Diseases Related to Benzene Exposure 2013-11-25T18:36:03+00:00

Diseases Related to Benzene Exposure

From Louisiana Attorneys Landry & Swarr

Benzene is a chemical found in a variety of materials and industrial processes, and different levels of exposure to it can have serious and dangerous effects. While leukemia is perhaps the most significant condition that can develop as a result of exposure to benzene, a number of other illnesses have also been linked with the chemical.

Benzene exposure can occur through physical contact with the chemical, ingestion, or breathing it. While each can have significant health effects, long-term exposure to benzene in the air is most commonly connected with the development of significant diseases later in life. People working in industries where benzene is commonly used or produced, such as those that work with oil and gasoline, rubber and plastic products, and a variety of solvents in cleaners, pesticides, paint, and glue, carry the highest risk for exposure.

When the body is exposed to significant levels of benzene (either small amounts over a long period of time or larger amounts all at once), the chemical can have serious negative effects on the blood, leading to a number of dangerous conditions.

Multiple Myeloma

This condition affects the plasma cells that are found in bone marrow. In normal, healthy bone marrow, the cells produce proteins to help fight off infection, but multiple myeloma causes excess cell growth, which eventually causes the development of tumors. Several symptoms can result, including brittle bones, anemia, fatigue, a higher risk of infection, kidney failure, and even loss of movement, if tumors grow close to the spinal cord.

The disease varies in the speed with which it develops, so treatment varies by case. Some people with the condition require no medication, while others are given medication to treat the symptoms. Radiation therapy can be helpful in treating tumors and pain in the bones, and bone marrow transplants have been used to slow the spread of the disease, although neither is effective in eliminating the condition entirely.

Aplastic Anemia

Aplastic anemia is a disorder that causes the body to produce an insufficient number of new blood cells, leading to weakness and fatigue. The condition occurs when damage to the bone marrow happens, as is common in people who have been exposed to high levels of benzene. Whereas healthy bone marrow creates a normal level of blood cells, the bone marrow in those who suffer from this condition is described as “aplastic” or “hydroplastic,” which mean that the marrow is empty and contains very few cells, respectively.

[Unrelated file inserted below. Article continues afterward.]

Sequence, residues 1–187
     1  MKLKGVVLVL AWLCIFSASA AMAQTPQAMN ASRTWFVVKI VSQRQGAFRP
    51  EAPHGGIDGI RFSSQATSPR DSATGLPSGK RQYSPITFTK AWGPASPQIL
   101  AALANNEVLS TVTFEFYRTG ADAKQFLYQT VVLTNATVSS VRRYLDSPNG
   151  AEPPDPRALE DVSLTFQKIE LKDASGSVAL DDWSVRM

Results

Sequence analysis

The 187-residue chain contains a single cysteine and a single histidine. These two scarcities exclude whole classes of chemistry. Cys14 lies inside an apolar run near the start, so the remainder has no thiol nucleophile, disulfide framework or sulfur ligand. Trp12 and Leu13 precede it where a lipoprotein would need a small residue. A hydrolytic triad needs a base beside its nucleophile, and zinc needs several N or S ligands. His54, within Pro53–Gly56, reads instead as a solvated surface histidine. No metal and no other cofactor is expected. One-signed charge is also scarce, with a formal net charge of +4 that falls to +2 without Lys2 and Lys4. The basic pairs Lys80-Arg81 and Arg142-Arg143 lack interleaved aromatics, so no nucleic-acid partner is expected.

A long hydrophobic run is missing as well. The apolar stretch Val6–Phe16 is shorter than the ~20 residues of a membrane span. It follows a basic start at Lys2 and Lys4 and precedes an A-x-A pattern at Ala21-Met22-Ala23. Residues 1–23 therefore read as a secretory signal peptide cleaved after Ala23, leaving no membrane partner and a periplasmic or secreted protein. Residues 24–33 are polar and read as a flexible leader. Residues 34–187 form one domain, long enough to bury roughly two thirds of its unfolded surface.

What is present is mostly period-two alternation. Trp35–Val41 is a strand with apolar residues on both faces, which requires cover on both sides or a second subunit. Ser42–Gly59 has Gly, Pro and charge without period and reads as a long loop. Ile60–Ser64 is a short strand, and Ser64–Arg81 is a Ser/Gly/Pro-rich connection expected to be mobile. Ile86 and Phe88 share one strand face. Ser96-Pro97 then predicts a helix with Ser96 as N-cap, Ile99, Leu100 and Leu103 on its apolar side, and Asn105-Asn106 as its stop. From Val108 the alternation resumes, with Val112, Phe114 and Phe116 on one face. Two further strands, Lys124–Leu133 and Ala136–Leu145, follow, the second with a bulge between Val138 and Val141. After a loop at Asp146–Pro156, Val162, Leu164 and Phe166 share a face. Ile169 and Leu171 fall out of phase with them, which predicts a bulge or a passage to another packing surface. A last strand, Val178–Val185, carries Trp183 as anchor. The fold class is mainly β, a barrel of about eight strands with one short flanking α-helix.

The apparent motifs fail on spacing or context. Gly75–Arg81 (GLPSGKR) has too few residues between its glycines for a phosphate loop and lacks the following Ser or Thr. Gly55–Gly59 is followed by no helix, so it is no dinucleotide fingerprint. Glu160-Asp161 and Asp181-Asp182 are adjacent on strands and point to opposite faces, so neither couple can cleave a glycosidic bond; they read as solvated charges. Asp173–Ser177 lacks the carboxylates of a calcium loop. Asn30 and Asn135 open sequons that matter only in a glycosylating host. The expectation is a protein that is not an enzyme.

In addition to feelings of fatigue, aplastic anemia can result in easy bruising, frequent nose bleeds and extended bleeding from normal cuts, and dizziness and headaches, in addition to other symptoms. Cases of the condition can be either acute or chronic, developing over a long period of time or with a sudden onset of symptoms. In addition to the medication used to support patients’ immune systems (which are weakened by the condition), treatment typically includes blood transfusions and stem cell transplants, which can reduce the disease’s effects on the body and the symptoms the patient experiences.

Other Conditions

In addition to aplastic anemia and multiple myeloma, benzene exposure has been linked with several other problems, such as myelodysplastic syndrome, thrombocytopenic purpura, myelofibrosis, and myeloid metaplasia. The first of these conditions covers a collection of illnesses that involve the improper forming of blood cells and decreased production of blood cells, which causes anemia and frequently leads to the development of leukemia. Myelofibrosis is another condition that affects the bone marrow, causing it to be replaced by scar tissue and decreasing its functioning in the body.

Most of the worst conditions that can develop from exposure to high levels of benzene affect the body’s blood production, and those experiencing symptoms should promptly contact their doctors, as these can be serious and life-threatening conditions.